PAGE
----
As He looked over the city of Jerusalem, Jesus knew He was the answer ti the longings of Jewish hearts, but the people didn’t want to hear it. Like a protective, loving parent, the Lord wished He could draw these folks close to His heart and keep the safe, but they wouldn’t let Him.

Can you feel those imaginary wings over you today–protecting you, shielding you and drawing you close? Have you trusted Jesus enough to let Him truly cover you? He longs to do that for you. Don’t miss your chance to be hidden safely in His arms.



Today’s song is a really old one, but the words are timeless.

Nov 29

The Day the Dog Walked on Water


Did you hear about the farmer who lived next door to a pessimist? If the farmer said “Isn’t is a beautiful sunny day?” the pessimist would reply, “We need rain.” If it rained and the farmer commented on how wonderful it was to have rain, the pessimist would reply, “It’ll probably ruin the crops.” He always managed to see the worst in any situation.

But one day the farmer decided he would put an end to his neighbor’s pessimism. He called his neighbor to come over and see an amazing trick his dog could do. The farmer proceeded to throw a stick into the middle of his pond. Immediately the dog jumped on top of the water out to the floating stick. He carefully picked it up in his mouth, walked back across on top of the water safely to the shore and laid the stick at the pessimist’s feet.

The farmer looked at his neighbor and said “Pretty amazing, huh?” to which the pessimist replied, “Can’t swim, can he?”


I know I’m a pretty skeptical person, but I think a dog walking on water would have impressed me! (I tried to find such a photo for you here, but had to settle for one swimming back to shore with his stick!)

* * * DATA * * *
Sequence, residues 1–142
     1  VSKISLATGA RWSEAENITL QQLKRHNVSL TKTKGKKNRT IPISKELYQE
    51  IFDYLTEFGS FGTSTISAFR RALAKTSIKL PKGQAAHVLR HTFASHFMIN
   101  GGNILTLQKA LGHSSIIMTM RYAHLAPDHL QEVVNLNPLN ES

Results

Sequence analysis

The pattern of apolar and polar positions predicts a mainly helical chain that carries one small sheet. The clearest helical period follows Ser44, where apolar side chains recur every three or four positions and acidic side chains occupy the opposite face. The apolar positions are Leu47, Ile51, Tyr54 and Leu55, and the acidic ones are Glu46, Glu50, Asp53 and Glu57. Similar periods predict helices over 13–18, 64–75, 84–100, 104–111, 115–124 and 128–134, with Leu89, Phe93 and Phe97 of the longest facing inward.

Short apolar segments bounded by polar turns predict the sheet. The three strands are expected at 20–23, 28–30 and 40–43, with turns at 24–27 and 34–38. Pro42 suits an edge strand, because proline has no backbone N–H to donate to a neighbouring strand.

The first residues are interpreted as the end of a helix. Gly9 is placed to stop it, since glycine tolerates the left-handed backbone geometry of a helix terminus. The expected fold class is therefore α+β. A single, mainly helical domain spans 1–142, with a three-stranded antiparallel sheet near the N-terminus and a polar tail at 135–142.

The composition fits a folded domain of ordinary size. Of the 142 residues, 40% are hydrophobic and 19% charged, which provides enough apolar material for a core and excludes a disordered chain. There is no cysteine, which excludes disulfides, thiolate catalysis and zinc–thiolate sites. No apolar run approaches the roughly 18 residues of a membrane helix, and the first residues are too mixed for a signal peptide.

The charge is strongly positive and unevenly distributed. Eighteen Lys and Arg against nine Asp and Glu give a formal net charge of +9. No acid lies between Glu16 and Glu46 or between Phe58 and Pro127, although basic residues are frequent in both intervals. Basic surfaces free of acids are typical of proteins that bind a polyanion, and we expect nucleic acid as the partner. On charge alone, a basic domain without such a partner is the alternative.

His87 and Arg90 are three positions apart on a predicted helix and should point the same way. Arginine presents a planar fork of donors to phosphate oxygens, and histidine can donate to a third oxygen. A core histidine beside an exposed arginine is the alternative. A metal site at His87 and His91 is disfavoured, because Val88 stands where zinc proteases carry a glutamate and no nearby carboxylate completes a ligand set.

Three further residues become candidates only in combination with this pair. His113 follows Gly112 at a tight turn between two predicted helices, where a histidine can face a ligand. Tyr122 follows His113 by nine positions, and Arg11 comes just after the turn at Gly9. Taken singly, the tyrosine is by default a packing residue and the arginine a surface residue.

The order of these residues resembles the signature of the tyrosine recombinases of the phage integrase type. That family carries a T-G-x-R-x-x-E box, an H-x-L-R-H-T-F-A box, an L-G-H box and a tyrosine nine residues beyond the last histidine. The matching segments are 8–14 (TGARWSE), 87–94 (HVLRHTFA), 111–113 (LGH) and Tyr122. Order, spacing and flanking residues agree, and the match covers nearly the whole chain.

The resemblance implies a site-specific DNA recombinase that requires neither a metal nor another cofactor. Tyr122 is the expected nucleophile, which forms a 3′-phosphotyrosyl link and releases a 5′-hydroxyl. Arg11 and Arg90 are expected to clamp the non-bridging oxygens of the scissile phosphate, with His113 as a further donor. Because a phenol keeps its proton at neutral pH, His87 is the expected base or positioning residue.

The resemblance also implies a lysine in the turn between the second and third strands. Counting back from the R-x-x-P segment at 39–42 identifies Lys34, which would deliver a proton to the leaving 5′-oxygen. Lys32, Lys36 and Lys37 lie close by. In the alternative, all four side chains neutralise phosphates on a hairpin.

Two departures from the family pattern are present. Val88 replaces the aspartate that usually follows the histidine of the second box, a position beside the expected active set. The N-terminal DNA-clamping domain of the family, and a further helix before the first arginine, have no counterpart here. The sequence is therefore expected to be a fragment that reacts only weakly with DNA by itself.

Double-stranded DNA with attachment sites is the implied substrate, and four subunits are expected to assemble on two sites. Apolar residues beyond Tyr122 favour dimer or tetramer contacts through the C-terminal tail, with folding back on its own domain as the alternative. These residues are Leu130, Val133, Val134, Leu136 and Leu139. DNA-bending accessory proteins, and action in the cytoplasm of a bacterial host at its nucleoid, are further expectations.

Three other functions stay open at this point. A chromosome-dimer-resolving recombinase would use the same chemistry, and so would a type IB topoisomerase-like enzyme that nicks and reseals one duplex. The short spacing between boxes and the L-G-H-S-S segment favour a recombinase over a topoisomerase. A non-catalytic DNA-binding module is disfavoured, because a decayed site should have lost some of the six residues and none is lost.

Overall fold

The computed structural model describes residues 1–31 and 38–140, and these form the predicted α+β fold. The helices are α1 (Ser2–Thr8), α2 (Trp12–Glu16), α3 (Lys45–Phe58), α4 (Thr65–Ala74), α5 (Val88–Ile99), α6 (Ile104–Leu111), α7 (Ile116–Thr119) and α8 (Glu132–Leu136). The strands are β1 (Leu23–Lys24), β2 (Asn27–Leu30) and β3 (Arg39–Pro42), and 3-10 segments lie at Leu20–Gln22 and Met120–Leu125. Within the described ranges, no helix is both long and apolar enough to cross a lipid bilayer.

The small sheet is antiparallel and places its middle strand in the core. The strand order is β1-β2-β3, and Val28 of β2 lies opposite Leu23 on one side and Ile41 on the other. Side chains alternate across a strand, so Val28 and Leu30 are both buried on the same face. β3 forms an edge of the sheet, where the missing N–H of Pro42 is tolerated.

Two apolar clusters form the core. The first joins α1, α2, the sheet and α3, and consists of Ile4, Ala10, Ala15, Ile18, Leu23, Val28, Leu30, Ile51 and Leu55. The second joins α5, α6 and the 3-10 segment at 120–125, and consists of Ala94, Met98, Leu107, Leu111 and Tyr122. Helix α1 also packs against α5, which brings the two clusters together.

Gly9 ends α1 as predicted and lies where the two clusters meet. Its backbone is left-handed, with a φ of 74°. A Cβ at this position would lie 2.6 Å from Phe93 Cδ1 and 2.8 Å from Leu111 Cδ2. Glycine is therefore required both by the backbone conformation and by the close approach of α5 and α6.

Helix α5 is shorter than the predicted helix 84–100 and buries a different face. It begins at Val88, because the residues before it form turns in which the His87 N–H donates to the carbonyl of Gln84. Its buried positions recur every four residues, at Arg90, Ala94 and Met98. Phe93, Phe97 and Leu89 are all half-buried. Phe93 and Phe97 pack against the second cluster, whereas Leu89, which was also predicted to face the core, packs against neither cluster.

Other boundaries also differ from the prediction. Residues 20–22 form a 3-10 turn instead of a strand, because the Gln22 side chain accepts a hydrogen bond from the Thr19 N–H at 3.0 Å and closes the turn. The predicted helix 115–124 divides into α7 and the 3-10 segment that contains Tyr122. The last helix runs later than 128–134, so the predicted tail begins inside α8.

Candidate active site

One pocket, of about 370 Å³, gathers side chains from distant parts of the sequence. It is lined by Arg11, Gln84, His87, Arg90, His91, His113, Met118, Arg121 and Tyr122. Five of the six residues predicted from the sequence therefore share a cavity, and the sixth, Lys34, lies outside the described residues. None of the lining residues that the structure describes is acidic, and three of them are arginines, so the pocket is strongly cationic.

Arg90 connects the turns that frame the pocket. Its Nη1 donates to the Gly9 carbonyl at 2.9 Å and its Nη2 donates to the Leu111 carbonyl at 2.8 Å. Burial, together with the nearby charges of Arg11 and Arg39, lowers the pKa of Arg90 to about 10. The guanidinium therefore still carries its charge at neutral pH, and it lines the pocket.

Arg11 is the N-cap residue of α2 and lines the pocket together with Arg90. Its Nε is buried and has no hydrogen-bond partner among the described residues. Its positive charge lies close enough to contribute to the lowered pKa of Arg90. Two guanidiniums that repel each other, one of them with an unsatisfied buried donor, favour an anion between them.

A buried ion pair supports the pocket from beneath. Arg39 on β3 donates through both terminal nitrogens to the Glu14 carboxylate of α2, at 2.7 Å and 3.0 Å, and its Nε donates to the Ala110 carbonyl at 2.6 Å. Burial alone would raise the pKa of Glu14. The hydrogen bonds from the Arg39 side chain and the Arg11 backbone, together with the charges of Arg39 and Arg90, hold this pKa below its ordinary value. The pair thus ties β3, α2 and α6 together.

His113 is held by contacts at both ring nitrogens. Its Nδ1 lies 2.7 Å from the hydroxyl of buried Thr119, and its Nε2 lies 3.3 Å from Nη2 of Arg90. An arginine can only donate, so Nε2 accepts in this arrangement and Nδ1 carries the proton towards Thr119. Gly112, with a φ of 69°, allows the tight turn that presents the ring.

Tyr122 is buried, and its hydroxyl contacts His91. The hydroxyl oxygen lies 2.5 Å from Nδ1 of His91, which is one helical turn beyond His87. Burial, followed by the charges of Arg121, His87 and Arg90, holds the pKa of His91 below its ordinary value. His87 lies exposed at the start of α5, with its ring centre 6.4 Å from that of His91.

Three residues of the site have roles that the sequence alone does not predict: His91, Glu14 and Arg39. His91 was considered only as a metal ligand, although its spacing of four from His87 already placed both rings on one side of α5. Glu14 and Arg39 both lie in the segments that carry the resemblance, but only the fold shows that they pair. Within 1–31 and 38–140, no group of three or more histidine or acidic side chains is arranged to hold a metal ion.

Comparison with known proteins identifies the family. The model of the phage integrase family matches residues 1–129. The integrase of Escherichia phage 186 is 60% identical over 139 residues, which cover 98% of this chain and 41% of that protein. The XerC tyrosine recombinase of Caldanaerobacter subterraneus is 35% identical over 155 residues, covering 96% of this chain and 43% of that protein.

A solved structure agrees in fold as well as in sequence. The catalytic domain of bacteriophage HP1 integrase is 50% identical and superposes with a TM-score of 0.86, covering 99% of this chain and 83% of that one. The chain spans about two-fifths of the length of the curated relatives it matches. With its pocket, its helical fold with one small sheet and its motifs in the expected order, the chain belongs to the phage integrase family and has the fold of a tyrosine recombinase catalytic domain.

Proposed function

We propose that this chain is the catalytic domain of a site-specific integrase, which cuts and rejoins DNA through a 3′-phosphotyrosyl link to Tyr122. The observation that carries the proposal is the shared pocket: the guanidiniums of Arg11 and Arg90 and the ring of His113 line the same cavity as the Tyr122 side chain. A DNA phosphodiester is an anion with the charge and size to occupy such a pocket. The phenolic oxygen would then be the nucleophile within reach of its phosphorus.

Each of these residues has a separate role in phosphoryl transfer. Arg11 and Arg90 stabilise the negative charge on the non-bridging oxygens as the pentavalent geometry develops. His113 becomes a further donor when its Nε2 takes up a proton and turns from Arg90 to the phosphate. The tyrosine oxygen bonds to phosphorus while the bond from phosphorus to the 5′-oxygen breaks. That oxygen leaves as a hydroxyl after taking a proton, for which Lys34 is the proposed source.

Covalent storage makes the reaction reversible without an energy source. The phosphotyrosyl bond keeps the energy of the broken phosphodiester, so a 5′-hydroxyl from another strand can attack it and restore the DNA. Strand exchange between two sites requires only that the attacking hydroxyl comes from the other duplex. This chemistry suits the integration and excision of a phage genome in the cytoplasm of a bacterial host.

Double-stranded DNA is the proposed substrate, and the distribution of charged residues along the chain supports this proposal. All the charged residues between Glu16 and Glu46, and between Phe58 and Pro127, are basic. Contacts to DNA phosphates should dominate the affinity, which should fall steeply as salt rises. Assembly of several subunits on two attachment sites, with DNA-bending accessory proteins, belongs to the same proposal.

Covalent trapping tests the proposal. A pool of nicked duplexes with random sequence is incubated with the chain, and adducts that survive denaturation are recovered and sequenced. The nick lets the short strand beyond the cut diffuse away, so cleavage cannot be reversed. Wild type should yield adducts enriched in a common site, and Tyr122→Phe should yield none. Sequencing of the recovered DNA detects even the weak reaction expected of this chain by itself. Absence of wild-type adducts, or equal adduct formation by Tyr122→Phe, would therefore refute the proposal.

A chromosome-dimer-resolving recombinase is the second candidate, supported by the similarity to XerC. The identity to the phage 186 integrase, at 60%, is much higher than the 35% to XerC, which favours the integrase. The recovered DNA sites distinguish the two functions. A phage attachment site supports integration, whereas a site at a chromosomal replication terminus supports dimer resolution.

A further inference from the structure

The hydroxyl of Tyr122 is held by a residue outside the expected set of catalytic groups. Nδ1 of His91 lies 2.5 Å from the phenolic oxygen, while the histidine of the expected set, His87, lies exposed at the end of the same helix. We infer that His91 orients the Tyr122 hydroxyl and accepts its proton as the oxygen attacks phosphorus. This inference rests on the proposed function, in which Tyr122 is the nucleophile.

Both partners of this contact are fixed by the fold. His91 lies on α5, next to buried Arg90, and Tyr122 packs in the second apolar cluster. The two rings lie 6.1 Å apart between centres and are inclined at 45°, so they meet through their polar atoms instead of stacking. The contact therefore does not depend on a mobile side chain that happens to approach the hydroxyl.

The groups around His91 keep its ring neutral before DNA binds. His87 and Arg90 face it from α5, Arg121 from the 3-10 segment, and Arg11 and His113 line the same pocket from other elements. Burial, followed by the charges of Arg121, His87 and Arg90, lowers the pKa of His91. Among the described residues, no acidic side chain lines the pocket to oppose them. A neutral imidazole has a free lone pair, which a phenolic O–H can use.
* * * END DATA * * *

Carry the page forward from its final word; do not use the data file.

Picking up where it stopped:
In the Gospel of Matthew, we read the description of Jesus walking on the water toward His disciples in their boat. If you had witnessed this, what would you have done? Would you have been skeptical? Afraid? Like Peter  and ask Jesus to walk on water too?

Now remember this was no calm lake on a bright sunny day that Peter stepped onto. It was the middle of the night, a strong wind was whipping,and the boat was fighting heavy waves. It took some amazing courage on Peter’s part to step over the side of that boat. and it paid off as he, just like the farmer’s dog 🙂 walked on top  of the water.

But Peter’s triumph quickly turned to trouble as he became terrified and started sinking. Did Peter sink because the wind got stronger or the waves got higher? I don’t think so. I think it was because he took his eyes off Jesus and looked at his circumstances instead.

Don’t look at the “waves” below you or the “wind” above you today. Instead, as the old hymn says, “Turn your eyes open Jesus. Look full in His wonderful face. And the things of earth will grow strangely dim in the light of His glory and grace.”





Nov 22

What are you worried about?


What are you worried about today? That you’ll never feel normal again? That your spouse will be widowed? That your children will grow up without you? That this  next holiday may be your last? You may even be worried that you worry so much!

Holocaust survivor Corrie ten Boom once wrote “Worrying about tomorrow robs today of its joy.”  That is so true.